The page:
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Roscosmos Suspends Soyuz Joint Launch Operations From Kourou, Recalls Personnel From Europe’s Spaceport

By Doug Messier
Parabolic Arc
February 25, 2022
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Soyuz-2 rocket launches 34 OneWeb broadband satellites from the Guiana Space Center. (Credit: Copyright ESA-CNES-Arianespace/Optique Video du CSG – P Piron)

Russia is suspending cooperation with Arianespace on the launch of Soyuz rockets from Europe’s Guiana Space Center and pulling its personnel from the South American spaceport over European Union (EU) sanctions imposed on the nation for the nation’s invasion of Ukraine. Roscosmos head Dmitry Rogozin tweeted: (Translated from Russian)

In response to EU sanctions against our enterprises, Roscosmos is suspending cooperation with European partners in organizing space launches from the Kourou cosmodrome and withdrawing its technical personnel, including the consolidated launch crew, from French Guiana.

Roscosmos followed up with a tweet: (Translated from Russian)

There are 87 Russian citizens in French Guiana. We are talking about employees of NPO Lavochkin, who prepared the Fregat-MT upper stage, as well as employees of the Progress RCC (manufacturer of the Soyuz rockets) and TsENKI. The issue of the departure of Russian employees is being worked out.

Spaceflight Now‘s launch schedule indicates that a Soyuz rocket was scheduled to launch a pair of European Galileo navigation satellites on April 5. A Wikipedia page about flights of Soyuz rockets from French Guiana lists the planned launches of two Galileo satellites in September and the Euclid space telescope in February 2023.

The launch of Soyuz rockets from French Guiana is a joint program of Roscosmos and the European Space Agency (ESA) program that has provided Arianespace with a medium-lift launcher to complement the larger Ariane 5 booster and the smaller Vega rocket.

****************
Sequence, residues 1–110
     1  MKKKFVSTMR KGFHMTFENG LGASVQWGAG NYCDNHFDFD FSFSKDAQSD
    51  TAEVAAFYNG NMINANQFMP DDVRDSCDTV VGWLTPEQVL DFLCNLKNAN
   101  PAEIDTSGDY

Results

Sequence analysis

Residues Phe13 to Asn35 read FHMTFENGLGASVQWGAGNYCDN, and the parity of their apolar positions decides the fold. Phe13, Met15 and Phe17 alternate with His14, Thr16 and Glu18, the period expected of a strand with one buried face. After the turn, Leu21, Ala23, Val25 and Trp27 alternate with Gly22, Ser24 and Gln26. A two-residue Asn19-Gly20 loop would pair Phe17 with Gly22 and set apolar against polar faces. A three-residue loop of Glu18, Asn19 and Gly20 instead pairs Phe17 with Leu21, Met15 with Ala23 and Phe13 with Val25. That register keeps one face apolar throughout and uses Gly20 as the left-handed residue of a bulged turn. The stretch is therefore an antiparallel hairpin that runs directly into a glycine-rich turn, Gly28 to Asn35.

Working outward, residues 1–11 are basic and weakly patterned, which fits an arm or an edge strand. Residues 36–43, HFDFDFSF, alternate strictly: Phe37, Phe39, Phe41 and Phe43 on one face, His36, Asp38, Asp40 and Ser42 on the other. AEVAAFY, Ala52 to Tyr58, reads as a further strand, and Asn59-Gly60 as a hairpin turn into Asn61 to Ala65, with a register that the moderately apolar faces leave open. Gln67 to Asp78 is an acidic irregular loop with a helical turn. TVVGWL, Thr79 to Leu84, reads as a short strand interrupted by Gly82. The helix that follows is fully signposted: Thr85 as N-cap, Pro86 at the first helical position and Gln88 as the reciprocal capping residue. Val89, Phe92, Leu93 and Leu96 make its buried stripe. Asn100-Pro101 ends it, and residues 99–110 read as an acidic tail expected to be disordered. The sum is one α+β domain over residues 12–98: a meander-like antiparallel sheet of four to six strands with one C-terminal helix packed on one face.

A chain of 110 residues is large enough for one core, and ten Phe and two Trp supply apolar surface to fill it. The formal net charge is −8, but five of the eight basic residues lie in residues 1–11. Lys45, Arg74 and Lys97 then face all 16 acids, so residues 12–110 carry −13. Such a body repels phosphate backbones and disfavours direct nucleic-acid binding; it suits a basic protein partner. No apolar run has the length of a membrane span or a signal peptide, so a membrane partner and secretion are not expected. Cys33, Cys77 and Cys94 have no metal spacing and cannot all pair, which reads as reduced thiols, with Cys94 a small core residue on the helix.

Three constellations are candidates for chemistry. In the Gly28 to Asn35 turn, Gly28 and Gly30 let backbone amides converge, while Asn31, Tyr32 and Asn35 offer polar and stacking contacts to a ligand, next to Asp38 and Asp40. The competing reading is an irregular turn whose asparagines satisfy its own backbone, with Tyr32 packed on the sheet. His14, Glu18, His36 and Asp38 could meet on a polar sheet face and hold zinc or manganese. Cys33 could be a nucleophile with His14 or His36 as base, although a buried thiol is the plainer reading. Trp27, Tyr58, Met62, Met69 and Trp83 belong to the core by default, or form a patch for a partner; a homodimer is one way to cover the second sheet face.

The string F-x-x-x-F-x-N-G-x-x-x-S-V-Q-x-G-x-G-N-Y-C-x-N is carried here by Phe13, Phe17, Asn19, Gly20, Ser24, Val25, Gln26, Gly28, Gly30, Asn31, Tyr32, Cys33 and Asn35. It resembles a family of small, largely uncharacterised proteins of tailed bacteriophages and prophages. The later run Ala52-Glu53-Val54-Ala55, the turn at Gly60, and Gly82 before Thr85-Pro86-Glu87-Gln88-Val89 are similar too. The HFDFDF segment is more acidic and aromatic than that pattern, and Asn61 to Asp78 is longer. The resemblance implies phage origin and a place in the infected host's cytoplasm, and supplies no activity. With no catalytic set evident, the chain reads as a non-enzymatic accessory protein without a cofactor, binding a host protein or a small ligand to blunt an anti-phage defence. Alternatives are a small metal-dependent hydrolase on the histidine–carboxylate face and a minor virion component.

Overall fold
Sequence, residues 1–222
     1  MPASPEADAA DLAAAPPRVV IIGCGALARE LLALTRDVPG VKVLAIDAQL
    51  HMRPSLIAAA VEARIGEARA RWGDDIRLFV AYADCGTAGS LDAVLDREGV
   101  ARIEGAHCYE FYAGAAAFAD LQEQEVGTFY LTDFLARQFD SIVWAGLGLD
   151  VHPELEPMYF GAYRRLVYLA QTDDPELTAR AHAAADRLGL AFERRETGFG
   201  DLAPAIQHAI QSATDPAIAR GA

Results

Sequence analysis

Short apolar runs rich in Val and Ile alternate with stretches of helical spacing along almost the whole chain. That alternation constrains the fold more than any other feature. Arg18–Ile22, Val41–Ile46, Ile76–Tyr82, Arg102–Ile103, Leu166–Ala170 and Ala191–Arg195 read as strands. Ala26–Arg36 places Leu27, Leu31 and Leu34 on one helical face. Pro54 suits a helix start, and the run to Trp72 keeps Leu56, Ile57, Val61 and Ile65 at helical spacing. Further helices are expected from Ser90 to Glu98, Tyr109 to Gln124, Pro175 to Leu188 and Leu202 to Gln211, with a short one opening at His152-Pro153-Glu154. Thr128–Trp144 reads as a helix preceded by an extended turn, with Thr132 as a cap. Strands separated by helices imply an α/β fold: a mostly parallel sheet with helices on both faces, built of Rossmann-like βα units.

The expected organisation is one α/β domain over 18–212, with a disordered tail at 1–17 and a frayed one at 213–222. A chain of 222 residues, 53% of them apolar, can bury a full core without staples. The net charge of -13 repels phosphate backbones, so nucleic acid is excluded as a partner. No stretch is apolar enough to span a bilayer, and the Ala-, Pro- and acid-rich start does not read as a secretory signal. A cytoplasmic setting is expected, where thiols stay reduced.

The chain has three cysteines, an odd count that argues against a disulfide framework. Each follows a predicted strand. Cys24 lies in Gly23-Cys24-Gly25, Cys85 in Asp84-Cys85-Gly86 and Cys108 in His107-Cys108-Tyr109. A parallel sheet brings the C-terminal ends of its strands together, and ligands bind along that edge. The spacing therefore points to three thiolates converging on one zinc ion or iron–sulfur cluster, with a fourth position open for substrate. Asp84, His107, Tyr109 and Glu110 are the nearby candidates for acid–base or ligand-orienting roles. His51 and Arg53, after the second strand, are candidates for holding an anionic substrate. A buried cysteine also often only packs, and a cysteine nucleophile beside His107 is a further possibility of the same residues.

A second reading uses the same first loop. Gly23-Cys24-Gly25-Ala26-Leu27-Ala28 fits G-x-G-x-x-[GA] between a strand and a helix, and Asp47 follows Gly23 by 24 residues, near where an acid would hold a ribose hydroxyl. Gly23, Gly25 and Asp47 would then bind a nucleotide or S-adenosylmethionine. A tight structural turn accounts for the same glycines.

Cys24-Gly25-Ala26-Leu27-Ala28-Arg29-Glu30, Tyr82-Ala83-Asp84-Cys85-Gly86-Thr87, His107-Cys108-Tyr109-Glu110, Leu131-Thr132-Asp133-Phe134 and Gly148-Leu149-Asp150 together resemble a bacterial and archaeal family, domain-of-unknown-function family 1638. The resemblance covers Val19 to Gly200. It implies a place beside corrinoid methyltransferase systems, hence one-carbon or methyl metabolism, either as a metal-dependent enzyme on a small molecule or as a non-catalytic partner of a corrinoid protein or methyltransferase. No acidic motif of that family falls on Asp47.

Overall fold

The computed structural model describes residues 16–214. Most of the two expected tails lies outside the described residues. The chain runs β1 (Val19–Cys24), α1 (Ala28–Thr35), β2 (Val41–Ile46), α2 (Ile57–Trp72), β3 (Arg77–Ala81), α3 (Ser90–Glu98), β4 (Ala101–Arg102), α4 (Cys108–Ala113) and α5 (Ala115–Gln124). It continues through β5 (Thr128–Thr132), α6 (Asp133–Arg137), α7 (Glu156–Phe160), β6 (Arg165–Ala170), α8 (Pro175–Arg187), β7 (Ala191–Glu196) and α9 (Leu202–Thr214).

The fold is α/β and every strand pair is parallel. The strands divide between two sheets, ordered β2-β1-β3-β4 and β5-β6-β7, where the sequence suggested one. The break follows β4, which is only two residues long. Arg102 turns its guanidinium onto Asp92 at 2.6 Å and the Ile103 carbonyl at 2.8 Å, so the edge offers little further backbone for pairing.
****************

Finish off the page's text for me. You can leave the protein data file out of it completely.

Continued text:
There have been 27 Soyuz launches from French Guiana since October 2011. Twenty six launches were successful and one flight experienced a partial failure that resulted in two Galileo satellites failing to reach their targeted orbits. The spacecraft were later moved to useful orbits.

Arianaespace is also partnered with Russia’s Starstem to conduct commercial launches of Soyuz rockets from the Baikonur Cosmodrome in Kazakhstan and the Vostochny Cosmodrome in Russia. It is unclear whether that program will be impacted by Russia’s anger over EU sanctions.

A Soyuz rocket is scheduled to launch 36 broadband satellites for OneWeb on March 4 from Baikonur. OneWeb is partly owned by the British government, which has condemned Russia’s invasion of Ukraine.

OneWeb has relied exclusively on Soyuz rockets to launch its constellation of 648 satellites. Soyuz rockets have launched 428 OneWeb satellites to date from French Guiana, Baikonur and Vostochny. The most recent OneWeb launch was conducted from French Guiana on Feb. 10.

6 responses to “Roscosmos Suspends Soyuz Joint Launch Operations From Kourou, Recalls Personnel From Europe’s Spaceport”

  1. duheagle says:

    So Russia now won’t launch anything for ESA from Kourou. One has to wonder if Exo-Mars and the rest of the OneWeb constellation will also be de-platformed. That seat-swap thing for ISS is another item looking more than a tad iffy now.

    • P.K. Sink says:

      Wow! They are imploding their own space program. Go figure. It’ll be interesting to see if and how these decisions might help lift Europe out of it’s space-related semi-stupor.

      • Paul_Scutts says:

        Their behaviour reminds me of the old saying, “to cut off one’s nose to spite one’s face”. Maybe the spirit of Korolev is behind it, he was Ukrainian afterall. 🙂

      • duheagle says:

        And Europe’s other forms of semi-stupor as well. One hopes, for example, that perhaps this is just the sort of bitch-slap the wack-a-doodle Germans need to emerge from their Green coma, restart their nuke plants and eschew Russian gas.

  2. Andrew Tubbiolo says:

    With the world shutting its airspace to Russian aircraft and the other way around, these crews might have to go through China to get home. I wonder if they’ll have issues buying airline tickets?

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